Yesterday a new member joined the household, or rather returned to the household. I say returned in so far as he was the pre-reformation patron of Brighton.
The icon is 19th Century, the garments are very beautiful painted with shell gold, I suppose originally he would have had a gilt or silver riza. The beauty of his hands, the tenderness of his eyes attracted me to this icon.
The roundels are a reference to St Nicholas' appeareance at the Council of Nicea when legend related he physically assaulted the heresiarch Arius and was "defrocked" and imprisoned for his zeal, during the night Christ appeared and gave him again the book of the Gospels and Our Lady restored to him the orphorion "the episcopal stole or pallium". His chasuble is actually red but overlaid by gold, and the red starred background of heaven behind the Saviour and the Virgin speak of suffering, the green, and also the extensive use of gold, of the funcundity of the saints miraculous ministry and of divine grace. The swirling of fabric over the saint's heart I suspect are meant to indicate his dedication to mystical contemplation, often it is the centre of his beard that swirls pointing to the same mystery, the tri-furrowed brow and cheeks I presume are supposed to indicate his continuous contemplation of the Holy Trinity.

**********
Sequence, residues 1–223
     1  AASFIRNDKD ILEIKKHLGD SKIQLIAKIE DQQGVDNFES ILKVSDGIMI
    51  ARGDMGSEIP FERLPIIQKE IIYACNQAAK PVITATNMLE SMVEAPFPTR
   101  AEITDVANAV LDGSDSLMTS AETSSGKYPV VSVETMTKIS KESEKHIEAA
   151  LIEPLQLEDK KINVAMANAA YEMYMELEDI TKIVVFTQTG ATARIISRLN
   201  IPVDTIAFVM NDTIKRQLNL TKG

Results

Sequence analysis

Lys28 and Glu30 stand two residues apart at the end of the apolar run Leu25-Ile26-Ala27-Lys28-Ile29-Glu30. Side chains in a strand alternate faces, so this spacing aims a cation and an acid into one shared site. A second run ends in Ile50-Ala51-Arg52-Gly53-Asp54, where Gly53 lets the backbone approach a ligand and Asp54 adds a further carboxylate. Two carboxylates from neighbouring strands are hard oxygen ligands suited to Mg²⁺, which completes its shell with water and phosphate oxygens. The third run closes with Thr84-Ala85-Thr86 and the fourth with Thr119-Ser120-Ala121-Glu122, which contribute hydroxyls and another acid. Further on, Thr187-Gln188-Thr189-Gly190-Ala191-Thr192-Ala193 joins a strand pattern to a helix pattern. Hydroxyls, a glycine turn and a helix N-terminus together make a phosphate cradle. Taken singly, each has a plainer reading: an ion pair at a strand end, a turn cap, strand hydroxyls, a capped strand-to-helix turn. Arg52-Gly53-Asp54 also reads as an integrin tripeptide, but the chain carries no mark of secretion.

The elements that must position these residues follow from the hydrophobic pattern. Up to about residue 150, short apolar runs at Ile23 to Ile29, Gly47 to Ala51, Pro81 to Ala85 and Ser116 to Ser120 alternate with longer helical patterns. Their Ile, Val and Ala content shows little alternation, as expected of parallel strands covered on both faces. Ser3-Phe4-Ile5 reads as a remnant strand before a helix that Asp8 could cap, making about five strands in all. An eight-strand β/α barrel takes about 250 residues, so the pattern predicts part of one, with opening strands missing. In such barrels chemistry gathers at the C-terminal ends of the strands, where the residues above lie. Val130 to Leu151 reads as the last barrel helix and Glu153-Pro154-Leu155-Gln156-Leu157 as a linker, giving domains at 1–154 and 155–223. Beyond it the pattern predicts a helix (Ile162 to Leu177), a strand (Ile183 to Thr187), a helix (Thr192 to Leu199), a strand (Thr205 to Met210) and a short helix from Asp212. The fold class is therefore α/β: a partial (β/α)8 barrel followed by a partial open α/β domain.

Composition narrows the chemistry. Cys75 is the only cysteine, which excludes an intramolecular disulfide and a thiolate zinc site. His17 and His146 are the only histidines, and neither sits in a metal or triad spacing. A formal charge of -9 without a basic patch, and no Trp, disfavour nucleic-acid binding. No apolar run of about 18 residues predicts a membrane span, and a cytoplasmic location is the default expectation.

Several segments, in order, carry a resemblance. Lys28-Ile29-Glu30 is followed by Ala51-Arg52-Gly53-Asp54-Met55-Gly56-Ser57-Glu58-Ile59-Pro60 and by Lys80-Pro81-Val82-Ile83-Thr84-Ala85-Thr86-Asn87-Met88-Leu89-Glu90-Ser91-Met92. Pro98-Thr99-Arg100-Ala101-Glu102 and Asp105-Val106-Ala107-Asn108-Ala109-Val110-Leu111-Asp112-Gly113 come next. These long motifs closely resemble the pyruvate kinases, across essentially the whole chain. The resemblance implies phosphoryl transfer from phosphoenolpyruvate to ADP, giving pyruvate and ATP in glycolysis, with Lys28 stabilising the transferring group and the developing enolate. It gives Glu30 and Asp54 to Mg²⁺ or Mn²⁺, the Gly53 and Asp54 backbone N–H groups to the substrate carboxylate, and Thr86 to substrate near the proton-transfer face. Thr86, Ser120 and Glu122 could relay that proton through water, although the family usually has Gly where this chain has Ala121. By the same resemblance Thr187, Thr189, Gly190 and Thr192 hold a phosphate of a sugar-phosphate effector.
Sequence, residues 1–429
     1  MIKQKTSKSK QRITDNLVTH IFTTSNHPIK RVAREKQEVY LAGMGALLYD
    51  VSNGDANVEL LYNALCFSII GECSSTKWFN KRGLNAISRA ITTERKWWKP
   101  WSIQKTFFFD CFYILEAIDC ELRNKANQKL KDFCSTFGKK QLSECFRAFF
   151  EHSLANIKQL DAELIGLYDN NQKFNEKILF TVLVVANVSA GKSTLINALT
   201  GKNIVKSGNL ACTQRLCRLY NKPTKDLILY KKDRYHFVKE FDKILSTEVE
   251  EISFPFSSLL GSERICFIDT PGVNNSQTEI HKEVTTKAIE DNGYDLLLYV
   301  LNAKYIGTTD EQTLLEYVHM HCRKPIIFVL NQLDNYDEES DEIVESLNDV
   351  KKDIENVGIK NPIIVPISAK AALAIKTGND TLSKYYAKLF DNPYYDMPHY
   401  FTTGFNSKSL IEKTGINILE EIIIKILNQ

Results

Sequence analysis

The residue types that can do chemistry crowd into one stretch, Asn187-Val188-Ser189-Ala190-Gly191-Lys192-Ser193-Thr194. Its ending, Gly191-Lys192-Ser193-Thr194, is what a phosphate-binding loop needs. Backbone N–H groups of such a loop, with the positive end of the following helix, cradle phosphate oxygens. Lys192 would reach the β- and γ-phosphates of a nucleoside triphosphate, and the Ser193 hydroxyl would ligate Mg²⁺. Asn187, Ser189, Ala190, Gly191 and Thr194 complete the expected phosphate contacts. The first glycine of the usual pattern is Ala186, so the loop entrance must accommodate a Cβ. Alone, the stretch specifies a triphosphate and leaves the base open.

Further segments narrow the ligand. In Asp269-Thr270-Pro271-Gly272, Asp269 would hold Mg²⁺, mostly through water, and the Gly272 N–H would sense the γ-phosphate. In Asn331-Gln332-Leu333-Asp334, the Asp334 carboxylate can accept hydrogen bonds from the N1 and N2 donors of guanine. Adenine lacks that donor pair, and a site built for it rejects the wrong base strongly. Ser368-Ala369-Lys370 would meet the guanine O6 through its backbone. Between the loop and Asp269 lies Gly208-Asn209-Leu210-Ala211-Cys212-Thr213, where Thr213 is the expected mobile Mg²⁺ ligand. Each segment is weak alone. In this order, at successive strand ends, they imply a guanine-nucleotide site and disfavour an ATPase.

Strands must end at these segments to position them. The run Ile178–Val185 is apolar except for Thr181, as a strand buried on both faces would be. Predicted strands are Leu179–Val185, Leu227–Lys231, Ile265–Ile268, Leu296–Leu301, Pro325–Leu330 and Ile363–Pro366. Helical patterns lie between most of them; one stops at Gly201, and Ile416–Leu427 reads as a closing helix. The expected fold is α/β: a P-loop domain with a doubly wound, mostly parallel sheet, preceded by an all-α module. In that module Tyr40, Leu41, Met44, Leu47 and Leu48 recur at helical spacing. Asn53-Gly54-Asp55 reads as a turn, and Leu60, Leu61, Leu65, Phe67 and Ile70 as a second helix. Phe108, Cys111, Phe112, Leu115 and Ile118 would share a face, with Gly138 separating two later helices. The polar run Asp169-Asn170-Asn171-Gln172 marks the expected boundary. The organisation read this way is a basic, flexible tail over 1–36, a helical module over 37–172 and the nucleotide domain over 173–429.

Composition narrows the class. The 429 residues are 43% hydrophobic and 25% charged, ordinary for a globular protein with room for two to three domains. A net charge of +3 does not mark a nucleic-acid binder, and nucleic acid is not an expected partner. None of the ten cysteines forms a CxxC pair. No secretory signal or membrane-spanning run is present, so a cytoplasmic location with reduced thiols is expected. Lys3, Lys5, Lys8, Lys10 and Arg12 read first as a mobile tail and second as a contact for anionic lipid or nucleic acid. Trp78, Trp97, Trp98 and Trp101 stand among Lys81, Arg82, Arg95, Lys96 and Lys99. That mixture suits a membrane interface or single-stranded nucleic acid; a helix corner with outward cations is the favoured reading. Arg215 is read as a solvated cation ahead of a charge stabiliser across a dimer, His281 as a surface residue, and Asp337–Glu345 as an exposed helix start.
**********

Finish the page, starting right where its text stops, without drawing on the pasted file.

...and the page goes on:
He is the patron saint of Apothecaries, Boys, Brides, Children, Choristers, Court recorders, registrars, Dock workers, Murderers, Orphans, Paupers, Pawnbrokers, Prostitutes, Sailors, Women desirous of marrying, Brighton and practically every other thing besides.
The Russians have a saying, "If anything should happen to God, we will still have St Nicholas". Having given him a home I expect him to work for his place here, I expect a miracle or two on a regular basis or I am a fraid he is off to the sale room (well, maybe not yet, he is part of my pension plan).